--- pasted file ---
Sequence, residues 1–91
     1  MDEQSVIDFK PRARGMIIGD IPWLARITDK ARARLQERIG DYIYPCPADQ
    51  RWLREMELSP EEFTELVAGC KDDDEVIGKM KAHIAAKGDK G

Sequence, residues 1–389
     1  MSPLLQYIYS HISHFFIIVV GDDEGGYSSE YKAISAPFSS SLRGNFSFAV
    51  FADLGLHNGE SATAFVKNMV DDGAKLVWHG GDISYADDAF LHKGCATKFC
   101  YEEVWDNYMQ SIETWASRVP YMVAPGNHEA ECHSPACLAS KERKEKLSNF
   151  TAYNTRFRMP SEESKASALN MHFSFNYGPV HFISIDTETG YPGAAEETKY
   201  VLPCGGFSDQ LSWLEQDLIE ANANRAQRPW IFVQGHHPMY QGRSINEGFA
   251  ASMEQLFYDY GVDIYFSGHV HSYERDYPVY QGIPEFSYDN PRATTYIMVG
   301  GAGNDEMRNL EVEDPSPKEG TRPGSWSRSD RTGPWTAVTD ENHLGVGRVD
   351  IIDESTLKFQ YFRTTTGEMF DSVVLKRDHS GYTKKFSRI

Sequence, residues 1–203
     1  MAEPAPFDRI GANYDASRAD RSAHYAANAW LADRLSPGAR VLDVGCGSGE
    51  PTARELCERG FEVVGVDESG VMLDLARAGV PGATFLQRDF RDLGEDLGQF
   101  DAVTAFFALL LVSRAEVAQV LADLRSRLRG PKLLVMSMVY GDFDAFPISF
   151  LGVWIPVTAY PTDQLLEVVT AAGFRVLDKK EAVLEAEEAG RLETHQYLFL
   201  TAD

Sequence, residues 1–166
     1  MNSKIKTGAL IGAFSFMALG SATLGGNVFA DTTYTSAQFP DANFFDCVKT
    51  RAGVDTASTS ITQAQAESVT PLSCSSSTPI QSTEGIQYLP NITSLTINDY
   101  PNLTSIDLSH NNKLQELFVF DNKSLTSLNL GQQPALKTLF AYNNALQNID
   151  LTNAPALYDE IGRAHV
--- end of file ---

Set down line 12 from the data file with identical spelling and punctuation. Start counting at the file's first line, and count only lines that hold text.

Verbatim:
   351  IIDESTLKFQ YFRTTTGEMF DSVVLKRDHS GYTKKFSRI